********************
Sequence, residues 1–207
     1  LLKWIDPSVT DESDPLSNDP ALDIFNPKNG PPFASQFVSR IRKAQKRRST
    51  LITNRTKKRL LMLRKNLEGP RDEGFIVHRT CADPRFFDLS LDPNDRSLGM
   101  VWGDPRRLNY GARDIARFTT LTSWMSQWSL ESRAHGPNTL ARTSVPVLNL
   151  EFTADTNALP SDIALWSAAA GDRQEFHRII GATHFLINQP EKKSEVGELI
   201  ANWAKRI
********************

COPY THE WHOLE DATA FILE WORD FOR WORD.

Sequence, residues 1–207
     1  LLKWIDPSVT DESDPLSNDP ALDIFNPKNG PPFASQFVSR IRKAQKRRST
    51  LITNRTKKRL LMLRKNLEGP RDEGFIVHRT CADPRFFDLS LDPNDRSLGM
   101  VWGDPRRLNY GARDIARFTT LTSWMSQWSL ESRAHGPNTL ARTSVPVLNL
   151  EFTADTNALP SDIALWSAAA GDRQEFHRII GATHFLINQP EKKSEVGELI
   201  ANWAKRI